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Stwalley's Ultracold Research
Places Him at Frontier of Physics
By Claudia G. Chamberlain
ince high school, when he won a scientific encyclopedia and a slide rule in a mathematics competition, the world of discoveries has been William Stwalley's domain.
And from the early 1960s, when he was a student at the California Institute of Technology, to the end of that decade when he received a Ph.D. in physical chemistry from Harvard University, Stwalley's world of science has revolved around the complexity of atoms and molecules.
Now a professor and head of the physics department at UConn, he studies atoms and molecules at ultracold temperatures, in collaboration with fellow physics professors Phillip Gould and Edward Eyler.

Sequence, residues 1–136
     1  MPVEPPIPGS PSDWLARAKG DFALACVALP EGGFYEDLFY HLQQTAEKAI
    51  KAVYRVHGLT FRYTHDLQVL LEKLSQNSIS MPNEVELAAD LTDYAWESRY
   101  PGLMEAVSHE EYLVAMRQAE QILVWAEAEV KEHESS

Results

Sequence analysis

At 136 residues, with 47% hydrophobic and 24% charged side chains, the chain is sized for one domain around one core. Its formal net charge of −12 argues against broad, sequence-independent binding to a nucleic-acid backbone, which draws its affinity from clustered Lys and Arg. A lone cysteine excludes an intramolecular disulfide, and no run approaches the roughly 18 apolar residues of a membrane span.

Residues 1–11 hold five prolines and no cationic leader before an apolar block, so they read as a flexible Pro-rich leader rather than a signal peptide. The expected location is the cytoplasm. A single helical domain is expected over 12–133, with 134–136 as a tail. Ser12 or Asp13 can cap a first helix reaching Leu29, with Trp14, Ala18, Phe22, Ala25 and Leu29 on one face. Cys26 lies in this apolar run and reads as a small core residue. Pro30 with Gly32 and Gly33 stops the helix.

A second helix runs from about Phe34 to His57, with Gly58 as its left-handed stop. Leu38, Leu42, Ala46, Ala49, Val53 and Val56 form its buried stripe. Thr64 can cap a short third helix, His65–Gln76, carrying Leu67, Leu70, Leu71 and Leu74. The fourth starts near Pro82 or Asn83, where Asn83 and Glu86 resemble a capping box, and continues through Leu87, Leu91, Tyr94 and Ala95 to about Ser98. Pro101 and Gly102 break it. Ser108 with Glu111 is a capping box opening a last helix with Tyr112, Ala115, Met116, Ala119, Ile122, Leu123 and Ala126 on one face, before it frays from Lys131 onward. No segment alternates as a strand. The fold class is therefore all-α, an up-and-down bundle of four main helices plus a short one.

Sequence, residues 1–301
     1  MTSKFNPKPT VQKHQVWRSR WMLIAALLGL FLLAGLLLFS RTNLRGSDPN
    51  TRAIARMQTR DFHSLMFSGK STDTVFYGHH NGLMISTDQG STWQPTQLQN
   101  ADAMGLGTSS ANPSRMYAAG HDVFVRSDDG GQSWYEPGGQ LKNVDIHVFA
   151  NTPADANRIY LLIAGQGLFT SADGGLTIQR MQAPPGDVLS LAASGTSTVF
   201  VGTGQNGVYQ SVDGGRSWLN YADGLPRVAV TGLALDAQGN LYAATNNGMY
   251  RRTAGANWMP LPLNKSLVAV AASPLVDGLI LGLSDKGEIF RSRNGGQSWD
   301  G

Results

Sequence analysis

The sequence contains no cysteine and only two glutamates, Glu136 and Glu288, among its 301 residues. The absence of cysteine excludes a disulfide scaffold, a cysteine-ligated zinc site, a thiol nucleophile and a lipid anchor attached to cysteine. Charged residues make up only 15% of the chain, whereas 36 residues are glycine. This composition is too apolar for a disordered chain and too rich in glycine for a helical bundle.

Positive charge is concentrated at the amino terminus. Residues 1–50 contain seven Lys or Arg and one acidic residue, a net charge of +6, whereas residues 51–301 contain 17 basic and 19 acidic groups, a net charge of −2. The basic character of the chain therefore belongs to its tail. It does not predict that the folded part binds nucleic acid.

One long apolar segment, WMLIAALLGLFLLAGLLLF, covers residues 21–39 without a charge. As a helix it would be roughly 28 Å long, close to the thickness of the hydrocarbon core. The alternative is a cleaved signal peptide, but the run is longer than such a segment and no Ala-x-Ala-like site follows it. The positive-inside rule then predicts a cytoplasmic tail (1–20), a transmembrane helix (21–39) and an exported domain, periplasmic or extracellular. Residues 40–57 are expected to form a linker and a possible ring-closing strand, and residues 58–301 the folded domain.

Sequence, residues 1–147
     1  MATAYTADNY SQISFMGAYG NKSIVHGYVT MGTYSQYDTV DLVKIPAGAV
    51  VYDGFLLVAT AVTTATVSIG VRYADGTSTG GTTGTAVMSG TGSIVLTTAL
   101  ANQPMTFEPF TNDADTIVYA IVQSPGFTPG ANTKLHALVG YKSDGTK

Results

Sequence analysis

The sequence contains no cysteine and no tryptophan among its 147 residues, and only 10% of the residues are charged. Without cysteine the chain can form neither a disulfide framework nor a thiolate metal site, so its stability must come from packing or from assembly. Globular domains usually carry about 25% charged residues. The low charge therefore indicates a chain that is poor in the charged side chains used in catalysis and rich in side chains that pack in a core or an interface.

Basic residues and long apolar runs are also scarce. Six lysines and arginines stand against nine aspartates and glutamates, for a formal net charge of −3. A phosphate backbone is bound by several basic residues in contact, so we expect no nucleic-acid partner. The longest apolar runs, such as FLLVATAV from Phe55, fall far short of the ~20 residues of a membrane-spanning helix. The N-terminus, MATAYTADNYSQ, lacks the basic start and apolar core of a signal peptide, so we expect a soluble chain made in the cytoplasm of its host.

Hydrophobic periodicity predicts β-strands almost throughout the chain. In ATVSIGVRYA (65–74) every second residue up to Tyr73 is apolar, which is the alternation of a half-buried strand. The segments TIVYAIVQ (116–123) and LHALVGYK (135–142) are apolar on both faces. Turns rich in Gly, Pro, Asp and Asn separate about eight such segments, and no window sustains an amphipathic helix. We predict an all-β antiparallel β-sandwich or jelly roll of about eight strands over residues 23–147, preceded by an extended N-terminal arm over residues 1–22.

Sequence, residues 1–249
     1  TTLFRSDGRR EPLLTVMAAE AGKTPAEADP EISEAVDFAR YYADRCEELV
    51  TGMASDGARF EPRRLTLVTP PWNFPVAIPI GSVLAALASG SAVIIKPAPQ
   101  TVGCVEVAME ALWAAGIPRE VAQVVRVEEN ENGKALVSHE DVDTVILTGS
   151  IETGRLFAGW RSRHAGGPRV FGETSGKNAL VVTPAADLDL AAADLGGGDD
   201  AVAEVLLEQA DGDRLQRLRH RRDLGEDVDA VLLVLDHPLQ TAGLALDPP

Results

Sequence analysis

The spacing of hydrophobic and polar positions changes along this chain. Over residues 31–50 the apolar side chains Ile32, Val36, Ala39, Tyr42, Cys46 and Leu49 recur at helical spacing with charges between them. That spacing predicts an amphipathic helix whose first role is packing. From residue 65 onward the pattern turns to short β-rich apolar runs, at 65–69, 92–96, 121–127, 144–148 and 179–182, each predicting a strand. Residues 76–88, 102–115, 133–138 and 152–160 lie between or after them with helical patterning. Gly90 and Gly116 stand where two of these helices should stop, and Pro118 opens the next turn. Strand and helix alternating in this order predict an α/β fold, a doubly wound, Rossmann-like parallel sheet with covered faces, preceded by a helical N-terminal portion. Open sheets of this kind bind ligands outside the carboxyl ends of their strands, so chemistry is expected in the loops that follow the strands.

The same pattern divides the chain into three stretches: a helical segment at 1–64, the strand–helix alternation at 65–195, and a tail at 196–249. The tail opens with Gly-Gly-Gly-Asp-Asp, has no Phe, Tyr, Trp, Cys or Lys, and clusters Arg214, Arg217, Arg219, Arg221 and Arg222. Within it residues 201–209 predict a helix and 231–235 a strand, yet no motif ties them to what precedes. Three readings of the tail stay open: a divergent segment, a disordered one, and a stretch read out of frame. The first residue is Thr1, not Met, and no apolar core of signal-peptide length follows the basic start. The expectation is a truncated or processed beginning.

Ultracold temperatures are those as cold as one-millionth of room temperature.
"In some sense, going to lower and lower temperatures is a final frontier of physics," says Stwalley. "It's definitely a promising frontier."
Many areas of atomic, molecular, and optical physics have been significantly influenced by his work, and peers consider him the world's leading authority on the interaction of atoms over large distances.
Colleagues say no one has contributed more than Stwalley to the general understanding of alkali-metal diatomic molecules, which involve the putting together of two atoms to make a molecule, and the subsequent delving into the fundamental aspects of chemistry.
"In terms of applications, Bill has done a great deal of work on cold molecules, and physicists and chemists are always interested in understanding how chemical reactions or collisions between atoms and molecules take place," says Gould.
"With Bill's work on cold molecules, we're now able to explore these things in a new regime," Gould adds. "Basically, it's a factor of a billion degrees colder than room temperature. It's not just, 'let's cool it a few more degrees'. This is a big jump and, hopefully, we'll learn some new physics."